Yes it really happened

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Doodoo
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Re: Yes it really happened

Post by Doodoo » September 11, 2020, 5:52 am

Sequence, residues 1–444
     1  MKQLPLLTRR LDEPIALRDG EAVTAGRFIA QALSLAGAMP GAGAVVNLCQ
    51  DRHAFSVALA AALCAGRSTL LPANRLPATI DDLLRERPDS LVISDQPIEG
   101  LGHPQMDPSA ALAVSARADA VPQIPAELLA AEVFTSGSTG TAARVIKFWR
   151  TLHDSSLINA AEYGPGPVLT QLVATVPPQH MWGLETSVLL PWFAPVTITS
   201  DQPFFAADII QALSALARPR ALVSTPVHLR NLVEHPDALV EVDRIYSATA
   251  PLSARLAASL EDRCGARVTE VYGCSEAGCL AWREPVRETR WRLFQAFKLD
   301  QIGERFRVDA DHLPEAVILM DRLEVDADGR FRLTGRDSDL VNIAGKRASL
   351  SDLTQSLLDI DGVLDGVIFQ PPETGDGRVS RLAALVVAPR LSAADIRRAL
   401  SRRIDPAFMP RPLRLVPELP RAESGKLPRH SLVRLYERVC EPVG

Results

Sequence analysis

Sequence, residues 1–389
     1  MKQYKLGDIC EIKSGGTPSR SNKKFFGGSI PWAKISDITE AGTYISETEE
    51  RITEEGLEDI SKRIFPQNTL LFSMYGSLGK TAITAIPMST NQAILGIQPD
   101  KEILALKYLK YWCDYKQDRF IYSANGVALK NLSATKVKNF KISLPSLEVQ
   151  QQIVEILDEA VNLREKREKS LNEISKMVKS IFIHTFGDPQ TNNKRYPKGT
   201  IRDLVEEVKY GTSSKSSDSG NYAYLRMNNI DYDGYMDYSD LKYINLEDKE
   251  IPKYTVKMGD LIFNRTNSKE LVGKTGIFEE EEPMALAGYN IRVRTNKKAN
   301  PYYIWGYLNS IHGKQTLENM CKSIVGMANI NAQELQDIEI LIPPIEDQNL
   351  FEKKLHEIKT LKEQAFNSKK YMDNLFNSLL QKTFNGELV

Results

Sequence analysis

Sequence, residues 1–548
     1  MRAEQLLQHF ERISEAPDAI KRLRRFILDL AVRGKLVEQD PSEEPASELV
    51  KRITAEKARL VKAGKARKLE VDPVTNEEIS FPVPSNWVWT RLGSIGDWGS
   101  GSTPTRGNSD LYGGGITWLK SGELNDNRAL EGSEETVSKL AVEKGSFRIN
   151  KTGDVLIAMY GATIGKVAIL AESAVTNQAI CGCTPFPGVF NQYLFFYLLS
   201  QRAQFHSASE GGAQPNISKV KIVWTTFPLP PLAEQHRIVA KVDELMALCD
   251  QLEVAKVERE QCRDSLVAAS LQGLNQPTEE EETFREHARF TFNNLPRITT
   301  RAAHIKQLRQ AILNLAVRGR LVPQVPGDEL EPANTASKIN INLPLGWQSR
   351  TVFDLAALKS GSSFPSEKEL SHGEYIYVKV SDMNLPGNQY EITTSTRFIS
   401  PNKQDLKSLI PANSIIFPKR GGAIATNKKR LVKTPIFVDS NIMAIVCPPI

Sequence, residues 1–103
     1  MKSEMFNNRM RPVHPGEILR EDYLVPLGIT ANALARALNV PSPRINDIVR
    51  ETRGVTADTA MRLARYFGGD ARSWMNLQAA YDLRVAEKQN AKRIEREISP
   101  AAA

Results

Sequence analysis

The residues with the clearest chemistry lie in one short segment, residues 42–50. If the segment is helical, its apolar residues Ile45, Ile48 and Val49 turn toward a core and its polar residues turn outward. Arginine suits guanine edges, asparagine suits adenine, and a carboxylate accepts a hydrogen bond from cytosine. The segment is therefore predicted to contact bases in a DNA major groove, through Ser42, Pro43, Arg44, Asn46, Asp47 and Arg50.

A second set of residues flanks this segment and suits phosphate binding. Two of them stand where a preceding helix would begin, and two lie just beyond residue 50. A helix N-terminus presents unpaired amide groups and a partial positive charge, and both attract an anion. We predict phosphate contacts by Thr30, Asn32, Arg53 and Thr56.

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Natalya Meklin was regarded by many as the most beautiful of the ''Night Witches''. During the war several generals fell in love with her and she was portrayed on several war time publications. She was born exacty 98 years ago, on 8th September 1922, in Ukraine from a Russian family. When she was 18 she joined the glider school in Kiev and later graduated from the Moscow aviation Institute in 1941. When the Germans invaded her motherland, she volunteered and served first as a navigator in the 588 Night Bombing Air Regiment and later as a pilot in the same air unit, that had been honured with the title of Guards and so changed its name in 46 GvNBAP. By the end of the war, she had flown 980 night missions and dropped an estimated 147 tons of bombs. While a lieutenant, she was awarded the title Hero of the Soviet Union on 23 February 1945, for her first 840 missions and received the Gold Star medal in Poland, on 8 March 1945 by Marshal Konstantin Rokossovsky. After the war the became a writer and a journalist, writing several books and many articles about her sister in arms and their outstanding service in the Red Army flying the fabric and wood biplane Polikarpovs U-2. In January 1956 she married Yu. F. Kravtsov and took his last name.